As many Bible, respectively Bible related stories and characters, Lilith has her origins in the Babylonian mythology.
The name ‘Lilith’ derives from the ancient Sumerian word ‘lilītu’ which designate female demons and wind spirits. These demons supposedly dwell in desert lands and are especially dangerous to pregnant women and infants.
Lilith was also associated with sexually frustrated and aggressive women.
In most of her myth, Lilith represents chaos, seduction and ungodliness.
In the Jewish folklore, Lilith appears as Adam’s first wife, who was created at the same time and from the same dirt as Adam.
The word ‘lilit’ only appears once in the Hebrew Bible in the Book of Isaiah 34:14. However, her legend developed extensively during the Middle Ages.
One of the most circulated story, based on the work of the 13th-century Algerian Talmudist, Isaac ben Jacob ha-Cohen, stated that Lilith left Adam because she refused to become subservient to him and after she had coupled with the archangel Samael.
These myths originated the design and the story behind The Lovers card.
Adam at a crossroad compelled to chose between two women: Lilith and Eve.
Obviously, this is an allegorical depiction of a situation. It can be a woman who has to decide between two men. Lilith for instance, choosing between Adam and Samael.
In the Golden Dawn tradition, The Lovers is associated with the zodiac sign Gemini. I think this is also a mistake.
I think the card corresponding to the zodiac sign is The Magician and The Lovers represent the dominant ruling planet of the sign, which is Mercury.
There are no two Tarot cards which represent the same astrological aspect. With only 78 possibilities, there is no point having two cards with same or similar meaning.
As I previously stated, Astrology is Geometry. Each group of Tarot cards represents a specific astrological aspect, and each card has its very specific position and significance on the Zodiac Wheel.
If the card representing the zodiac sign is positioned on the Zodiac Wheel in the domicile, there is no point to have a second card in the same position with similar meaning. In this particular case is The Magician for Gemini, respectively The Lovers for Mercury in Gemini.
After extensive study, I got to the conclusion that the cards representing the planets are, with few arguable exceptions, in Fall, respectively offset at 90° which is called in astrological terminology ‘Square’.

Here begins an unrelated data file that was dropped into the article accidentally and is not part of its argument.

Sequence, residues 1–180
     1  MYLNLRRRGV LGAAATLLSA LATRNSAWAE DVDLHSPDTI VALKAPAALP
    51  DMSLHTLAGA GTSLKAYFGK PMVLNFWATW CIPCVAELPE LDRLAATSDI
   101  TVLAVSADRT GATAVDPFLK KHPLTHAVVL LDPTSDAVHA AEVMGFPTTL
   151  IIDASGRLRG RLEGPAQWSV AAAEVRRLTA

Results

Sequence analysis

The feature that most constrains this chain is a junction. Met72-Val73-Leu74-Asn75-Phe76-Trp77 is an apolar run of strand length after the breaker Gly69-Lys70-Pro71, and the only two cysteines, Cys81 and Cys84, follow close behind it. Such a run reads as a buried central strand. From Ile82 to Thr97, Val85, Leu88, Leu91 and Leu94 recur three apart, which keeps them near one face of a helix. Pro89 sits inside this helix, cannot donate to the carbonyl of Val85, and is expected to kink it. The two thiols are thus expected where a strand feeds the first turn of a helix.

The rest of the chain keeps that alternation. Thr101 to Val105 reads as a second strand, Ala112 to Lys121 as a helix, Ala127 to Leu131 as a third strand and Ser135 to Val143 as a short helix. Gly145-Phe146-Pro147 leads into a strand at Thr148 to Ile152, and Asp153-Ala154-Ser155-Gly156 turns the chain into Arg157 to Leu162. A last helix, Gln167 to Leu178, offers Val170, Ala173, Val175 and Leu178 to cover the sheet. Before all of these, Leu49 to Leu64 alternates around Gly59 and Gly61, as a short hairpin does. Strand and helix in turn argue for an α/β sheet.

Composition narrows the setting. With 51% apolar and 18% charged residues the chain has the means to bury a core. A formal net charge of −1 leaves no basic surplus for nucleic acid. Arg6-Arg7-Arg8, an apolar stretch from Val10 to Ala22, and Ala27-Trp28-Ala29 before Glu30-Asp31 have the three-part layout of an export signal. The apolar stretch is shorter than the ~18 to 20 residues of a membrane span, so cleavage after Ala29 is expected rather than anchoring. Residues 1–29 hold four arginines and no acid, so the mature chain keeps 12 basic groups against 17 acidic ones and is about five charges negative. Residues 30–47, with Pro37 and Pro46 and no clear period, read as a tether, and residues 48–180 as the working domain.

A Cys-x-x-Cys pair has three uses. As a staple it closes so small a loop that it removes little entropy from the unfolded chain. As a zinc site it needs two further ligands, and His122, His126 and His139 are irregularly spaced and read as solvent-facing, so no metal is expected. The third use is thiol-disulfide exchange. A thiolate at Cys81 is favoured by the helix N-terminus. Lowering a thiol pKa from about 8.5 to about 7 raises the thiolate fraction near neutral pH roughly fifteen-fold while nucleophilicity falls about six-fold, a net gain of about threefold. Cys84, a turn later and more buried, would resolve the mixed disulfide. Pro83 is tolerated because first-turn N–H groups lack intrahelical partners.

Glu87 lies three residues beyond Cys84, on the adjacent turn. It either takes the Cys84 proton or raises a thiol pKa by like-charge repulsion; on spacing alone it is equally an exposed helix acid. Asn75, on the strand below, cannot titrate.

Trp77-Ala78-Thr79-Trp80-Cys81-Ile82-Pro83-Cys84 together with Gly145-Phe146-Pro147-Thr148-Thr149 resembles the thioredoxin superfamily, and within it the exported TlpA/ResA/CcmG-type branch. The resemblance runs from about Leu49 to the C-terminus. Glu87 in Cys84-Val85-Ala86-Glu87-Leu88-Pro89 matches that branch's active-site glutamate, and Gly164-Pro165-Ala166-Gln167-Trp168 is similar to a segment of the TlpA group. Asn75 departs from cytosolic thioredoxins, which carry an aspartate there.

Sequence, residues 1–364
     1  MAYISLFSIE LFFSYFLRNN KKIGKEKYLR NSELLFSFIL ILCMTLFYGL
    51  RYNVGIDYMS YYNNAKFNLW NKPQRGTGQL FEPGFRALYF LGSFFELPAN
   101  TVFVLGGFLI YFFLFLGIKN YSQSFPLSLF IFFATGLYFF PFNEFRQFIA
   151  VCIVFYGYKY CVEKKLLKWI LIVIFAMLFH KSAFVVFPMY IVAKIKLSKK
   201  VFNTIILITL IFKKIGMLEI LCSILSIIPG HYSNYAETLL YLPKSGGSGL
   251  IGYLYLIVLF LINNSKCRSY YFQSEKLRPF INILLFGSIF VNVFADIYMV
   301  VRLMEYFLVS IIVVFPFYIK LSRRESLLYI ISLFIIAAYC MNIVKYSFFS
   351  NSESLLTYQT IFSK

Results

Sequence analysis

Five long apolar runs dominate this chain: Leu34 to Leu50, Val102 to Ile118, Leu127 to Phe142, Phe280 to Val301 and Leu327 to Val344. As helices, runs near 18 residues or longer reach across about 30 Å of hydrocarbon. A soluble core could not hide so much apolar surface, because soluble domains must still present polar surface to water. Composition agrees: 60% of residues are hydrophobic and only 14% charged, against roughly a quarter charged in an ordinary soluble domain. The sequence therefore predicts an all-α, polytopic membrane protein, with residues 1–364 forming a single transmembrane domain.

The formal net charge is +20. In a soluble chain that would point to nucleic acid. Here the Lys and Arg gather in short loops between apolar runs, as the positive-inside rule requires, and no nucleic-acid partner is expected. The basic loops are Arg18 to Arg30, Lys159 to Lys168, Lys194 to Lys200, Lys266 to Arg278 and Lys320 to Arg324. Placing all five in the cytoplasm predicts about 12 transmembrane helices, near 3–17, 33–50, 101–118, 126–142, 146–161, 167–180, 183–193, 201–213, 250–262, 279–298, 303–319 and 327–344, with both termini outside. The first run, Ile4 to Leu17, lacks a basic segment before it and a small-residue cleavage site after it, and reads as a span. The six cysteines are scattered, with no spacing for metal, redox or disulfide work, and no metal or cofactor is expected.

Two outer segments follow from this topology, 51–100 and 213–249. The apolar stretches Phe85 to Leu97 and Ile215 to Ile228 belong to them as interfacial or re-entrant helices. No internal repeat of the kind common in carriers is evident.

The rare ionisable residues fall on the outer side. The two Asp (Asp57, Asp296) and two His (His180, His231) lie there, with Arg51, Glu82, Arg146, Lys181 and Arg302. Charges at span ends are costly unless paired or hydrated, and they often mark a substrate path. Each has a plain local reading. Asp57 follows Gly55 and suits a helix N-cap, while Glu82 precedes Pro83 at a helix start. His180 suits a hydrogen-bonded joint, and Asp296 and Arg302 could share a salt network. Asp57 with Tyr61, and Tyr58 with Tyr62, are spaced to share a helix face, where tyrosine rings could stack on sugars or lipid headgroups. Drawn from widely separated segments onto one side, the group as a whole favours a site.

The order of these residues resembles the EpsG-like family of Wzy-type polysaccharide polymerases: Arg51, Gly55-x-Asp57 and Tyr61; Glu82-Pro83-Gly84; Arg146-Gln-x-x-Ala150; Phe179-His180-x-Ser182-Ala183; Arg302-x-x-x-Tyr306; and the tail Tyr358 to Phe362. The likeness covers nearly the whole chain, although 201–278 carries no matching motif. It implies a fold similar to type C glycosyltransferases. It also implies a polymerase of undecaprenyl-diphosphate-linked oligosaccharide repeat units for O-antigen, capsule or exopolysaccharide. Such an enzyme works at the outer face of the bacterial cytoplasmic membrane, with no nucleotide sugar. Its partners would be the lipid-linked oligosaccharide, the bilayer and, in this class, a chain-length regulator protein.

So, The Lovers card represents Mercury in Virgo.
Mercury in Virgo is a very interesting situation. Mercury, an airy planet in Virgo, an earthly sign. Practically any emotional aspect is out of the question, and we have got a strictly rational decision upon a practical matter.
May the card still signify a decision regarding a relationship issue?
Yes, it can, but only if the question is about a relationship issue and the other cards are concluding in the same direction.
(Excerpt from the book “The Unified Esoteric Tarot – General introduction and Guidebook” by Attila Blága. Full or partial use of this text for commercial or non-commercial distribution by any means whatsoever is strictly prohibited unless expressly authorised by the author.)
The four Aces represent the four cardinal points, the four seasons, respectively the four major astronomical events, the two equinoxes and the two solstices.
The Ace of Wands represents the Spring or March Equinox, The Ace of Cups represents the Summer or June Solstice, the Ace of Swords represent Autumn or the September Equinox and the Ace of Disks represent the Winter or December Solstice. Read more…
“…the Alphabet of Thoth can be dimly traced in the modern Tarot which can be had at almost every bookseller in Paris. As for it being understood or utilized, the many fortune-tellers in Paris, who make a professional living by it, are sad specimens of failures of attempts at reading, let alone correctly interpreting the symbolism of the Tarot without a preliminary philosophical study of the Science.” – Helena Petrovna Blavatsky